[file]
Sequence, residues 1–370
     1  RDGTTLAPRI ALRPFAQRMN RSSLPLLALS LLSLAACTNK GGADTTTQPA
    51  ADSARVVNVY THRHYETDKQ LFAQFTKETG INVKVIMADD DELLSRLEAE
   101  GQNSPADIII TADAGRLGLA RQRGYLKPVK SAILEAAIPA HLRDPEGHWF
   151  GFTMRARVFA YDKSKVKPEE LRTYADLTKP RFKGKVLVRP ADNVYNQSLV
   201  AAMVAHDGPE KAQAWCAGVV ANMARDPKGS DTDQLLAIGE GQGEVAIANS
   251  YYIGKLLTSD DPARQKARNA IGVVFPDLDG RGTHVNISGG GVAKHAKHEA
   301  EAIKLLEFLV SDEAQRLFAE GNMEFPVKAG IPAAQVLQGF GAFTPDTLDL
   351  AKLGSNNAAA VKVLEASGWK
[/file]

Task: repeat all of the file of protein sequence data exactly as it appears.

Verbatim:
Sequence, residues 1–370
     1  RDGTTLAPRI ALRPFAQRMN RSSLPLLALS LLSLAACTNK GGADTTTQPA
    51  ADSARVVNVY THRHYETDKQ LFAQFTKETG INVKVIMADD DELLSRLEAE
   101  GQNSPADIII TADAGRLGLA RQRGYLKPVK SAILEAAIPA HLRDPEGHWF
   151  GFTMRARVFA YDKSKVKPEE LRTYADLTKP RFKGKVLVRP ADNVYNQSLV
   201  AAMVAHDGPE KAQAWCAGVV ANMARDPKGS DTDQLLAIGE GQGEVAIANS
   251  YYIGKLLTSD DPARQKARNA IGVVFPDLDG RGTHVNISGG GVAKHAKHEA
   301  EAIKLLEFLV SDEAQRLFAE GNMEFPVKAG IPAAQVLQGF GAFTPDTLDL
   351  AKLGSNNAAA VKVLEASGWK